What Should I Do If My Eczema Symptoms Worsen?
Though we still do not know what causes eczema, and as our search for a cure continues, great progress has been made in the treatment of eczema symptoms. Long gone are the remedies of the Victorian age, such as strawberry baths and application of slugs to affected areas with seen eczema symptoms. Millions of eczema sufferers have learned the value of tracking flare ups and working to identify the eczema symptoms that cause them. This information can be used in forming a plan to avoid and limit exposure, helping to prevent outbreaks, and reduce itching. And of course to prevent eczema symptoms from getting worse. In spite of our best efforts to prevent them however, flare ups do occur, causing a worsening of eczema symptoms. When this happens, our focus shifts to control of itching and prevention of skin damage and infection. Hence, being knowledgeable about eczema symptoms is a plus.
Eczema Symptoms Seen
A diligent, daily skin care routine helps not only in preventing flare ups, but also in preventing worsening of the itching and inflammation of eczema symptoms that result when one does occur. Bathing should be done in tepid water using mild soap or a non soap cleanser. Skin should then be patted dry or allowed to air dry. Moisture should be locked in by applying an alcohol free cream or ointment (many products specifically formulated for eczema treatment are available) immediately after bathing. Eczema symptoms could be stopped with just being clean and proper hygiene. Eczema symptoms will also worsen as a result of sudden changes in temperature or prolonged exposure to moisture, so sufferers should avoid perspiring when possible. Because friction and rubbing caused by rough clothing can aggravate inflamed areas, soft, breathable cotton is recommended and should be laundered in mild detergent, then rinsed twice. Stress can bring on and worsen eczema symptoms, and strategies to limit stress should be part of the treatment plan.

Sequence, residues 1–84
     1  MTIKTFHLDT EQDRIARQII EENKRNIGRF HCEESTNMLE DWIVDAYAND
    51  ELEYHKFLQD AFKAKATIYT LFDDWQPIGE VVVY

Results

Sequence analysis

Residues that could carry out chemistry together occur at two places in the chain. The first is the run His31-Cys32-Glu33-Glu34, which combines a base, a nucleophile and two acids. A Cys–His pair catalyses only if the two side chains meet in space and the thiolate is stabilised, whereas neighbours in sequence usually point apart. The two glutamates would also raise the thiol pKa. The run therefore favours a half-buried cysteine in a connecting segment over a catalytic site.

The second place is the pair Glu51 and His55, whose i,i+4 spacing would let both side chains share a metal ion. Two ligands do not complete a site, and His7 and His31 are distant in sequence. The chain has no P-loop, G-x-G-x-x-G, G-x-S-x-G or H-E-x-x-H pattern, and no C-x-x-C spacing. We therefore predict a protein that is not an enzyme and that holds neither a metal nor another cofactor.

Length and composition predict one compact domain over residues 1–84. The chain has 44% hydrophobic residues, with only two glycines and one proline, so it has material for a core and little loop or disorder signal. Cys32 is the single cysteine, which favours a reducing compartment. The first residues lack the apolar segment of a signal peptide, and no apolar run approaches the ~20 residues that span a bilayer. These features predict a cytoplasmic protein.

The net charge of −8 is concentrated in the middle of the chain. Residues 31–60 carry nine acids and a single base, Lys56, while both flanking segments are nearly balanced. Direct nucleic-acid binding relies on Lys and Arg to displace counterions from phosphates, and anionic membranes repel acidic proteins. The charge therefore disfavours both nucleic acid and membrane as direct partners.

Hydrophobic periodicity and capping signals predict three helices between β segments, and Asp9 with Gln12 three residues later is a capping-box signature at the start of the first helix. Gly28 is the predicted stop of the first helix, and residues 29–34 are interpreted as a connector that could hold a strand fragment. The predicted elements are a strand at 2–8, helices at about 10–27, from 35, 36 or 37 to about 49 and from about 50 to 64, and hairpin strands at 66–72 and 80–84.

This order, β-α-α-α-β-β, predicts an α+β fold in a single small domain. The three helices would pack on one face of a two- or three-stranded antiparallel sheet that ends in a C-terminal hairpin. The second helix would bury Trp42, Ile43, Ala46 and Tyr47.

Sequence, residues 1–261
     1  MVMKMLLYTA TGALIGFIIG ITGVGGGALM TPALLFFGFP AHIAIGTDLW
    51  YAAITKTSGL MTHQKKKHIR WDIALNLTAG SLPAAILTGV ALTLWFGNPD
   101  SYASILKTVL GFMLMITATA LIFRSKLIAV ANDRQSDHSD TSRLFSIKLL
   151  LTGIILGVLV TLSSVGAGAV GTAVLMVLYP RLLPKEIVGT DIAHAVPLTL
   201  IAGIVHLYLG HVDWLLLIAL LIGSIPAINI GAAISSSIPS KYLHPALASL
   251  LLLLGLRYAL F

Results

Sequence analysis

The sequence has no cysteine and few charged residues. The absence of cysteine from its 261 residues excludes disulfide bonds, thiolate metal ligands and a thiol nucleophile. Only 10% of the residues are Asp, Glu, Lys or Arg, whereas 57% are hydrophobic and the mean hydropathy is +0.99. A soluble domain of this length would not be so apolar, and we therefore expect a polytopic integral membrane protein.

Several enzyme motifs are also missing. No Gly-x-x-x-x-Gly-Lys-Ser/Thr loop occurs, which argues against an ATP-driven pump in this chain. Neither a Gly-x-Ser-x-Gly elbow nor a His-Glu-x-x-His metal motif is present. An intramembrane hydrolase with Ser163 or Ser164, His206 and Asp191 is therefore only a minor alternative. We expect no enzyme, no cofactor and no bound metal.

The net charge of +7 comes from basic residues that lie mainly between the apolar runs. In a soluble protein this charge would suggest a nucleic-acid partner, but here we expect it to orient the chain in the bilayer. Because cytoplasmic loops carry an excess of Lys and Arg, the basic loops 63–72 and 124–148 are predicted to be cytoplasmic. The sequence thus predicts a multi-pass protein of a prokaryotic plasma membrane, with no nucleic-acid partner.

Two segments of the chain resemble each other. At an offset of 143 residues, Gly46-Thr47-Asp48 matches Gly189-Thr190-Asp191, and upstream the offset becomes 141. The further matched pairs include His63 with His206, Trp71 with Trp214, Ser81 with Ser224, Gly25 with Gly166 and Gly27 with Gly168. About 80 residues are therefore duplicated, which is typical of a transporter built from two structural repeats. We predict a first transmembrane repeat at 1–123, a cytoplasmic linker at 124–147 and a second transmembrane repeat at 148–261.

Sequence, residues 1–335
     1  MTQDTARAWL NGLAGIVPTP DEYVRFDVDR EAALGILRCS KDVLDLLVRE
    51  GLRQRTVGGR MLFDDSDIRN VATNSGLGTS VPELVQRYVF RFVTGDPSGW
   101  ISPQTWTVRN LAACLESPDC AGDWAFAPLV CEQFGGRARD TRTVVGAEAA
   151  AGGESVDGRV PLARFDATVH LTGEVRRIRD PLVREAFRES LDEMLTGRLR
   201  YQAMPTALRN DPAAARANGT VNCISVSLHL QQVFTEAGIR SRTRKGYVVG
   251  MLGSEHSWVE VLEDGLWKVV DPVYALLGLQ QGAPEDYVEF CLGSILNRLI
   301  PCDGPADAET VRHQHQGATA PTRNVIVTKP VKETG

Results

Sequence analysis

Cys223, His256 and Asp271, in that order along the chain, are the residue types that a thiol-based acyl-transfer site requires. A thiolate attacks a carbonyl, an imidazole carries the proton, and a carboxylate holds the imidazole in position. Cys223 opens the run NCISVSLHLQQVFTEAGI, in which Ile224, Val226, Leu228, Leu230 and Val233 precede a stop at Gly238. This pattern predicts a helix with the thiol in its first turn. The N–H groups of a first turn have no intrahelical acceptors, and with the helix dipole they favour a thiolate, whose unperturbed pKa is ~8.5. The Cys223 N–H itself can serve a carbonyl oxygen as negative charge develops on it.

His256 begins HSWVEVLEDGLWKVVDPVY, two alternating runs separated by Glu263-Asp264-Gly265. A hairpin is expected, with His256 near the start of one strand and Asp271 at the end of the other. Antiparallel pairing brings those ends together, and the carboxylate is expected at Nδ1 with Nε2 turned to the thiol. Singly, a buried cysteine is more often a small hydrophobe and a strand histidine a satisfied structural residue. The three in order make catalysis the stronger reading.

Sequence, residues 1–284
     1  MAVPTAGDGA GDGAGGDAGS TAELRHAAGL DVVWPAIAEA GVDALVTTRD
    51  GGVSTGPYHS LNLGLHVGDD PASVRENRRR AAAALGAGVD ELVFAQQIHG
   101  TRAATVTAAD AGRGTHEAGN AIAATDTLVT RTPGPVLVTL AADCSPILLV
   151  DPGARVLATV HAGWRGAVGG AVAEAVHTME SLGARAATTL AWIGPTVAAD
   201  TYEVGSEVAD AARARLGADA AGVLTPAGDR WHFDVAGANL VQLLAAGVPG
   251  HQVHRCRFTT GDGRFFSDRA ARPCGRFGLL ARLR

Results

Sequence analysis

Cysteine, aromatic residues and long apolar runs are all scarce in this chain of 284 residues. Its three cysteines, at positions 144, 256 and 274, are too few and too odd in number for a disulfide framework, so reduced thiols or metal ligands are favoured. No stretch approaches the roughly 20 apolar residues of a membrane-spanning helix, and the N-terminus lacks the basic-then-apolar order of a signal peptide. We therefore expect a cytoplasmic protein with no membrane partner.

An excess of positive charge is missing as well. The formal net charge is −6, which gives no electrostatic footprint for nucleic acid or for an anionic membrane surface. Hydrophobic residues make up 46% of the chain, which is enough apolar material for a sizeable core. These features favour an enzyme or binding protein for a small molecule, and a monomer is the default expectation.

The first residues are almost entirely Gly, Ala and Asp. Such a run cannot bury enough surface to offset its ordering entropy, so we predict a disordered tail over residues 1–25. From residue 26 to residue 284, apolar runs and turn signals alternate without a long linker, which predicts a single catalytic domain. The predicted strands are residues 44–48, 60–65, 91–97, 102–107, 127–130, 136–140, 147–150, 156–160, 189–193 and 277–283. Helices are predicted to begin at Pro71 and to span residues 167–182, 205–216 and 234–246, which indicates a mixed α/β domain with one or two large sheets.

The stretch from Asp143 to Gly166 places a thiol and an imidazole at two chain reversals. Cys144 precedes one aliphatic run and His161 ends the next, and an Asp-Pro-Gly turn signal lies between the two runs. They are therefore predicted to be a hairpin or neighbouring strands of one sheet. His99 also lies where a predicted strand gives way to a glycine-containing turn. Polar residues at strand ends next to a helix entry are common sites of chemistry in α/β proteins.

Skin damage, permanent scarring and infections are all caused by scratching and every effort should be made to control it. This can be difficult to accomplish in the infant and covering the hands is sometimes necessary. Medications in both lotion and pill form can be helpful, especially in reducing nighttime itching. Because of potential side effects, the doctor should be consulted when over the counter medications are being considered. Corticosteroids and immunosuppressant drugs are sometimes needed for severely inflamed outbreaks or for prevention of frequent, recurring eczema symptoms. Patients choosing to use them should be closely monitored by a physician for possible complications.
Treat Eczema Symptoms now!
Patients should watch closely for eczema symptoms of infection (increased redness, swelling, foul odor, purulent (pus like) drainage) and report these symptoms immediately. Though it can take great patience and time oral or topical antibiotics will eventually resolve the infection. In rare cases, when home-based treatments have been unsuccessful in treatment of eczema symptoms, a patient may need a few days in the hospital for intensive treatment with IV medications.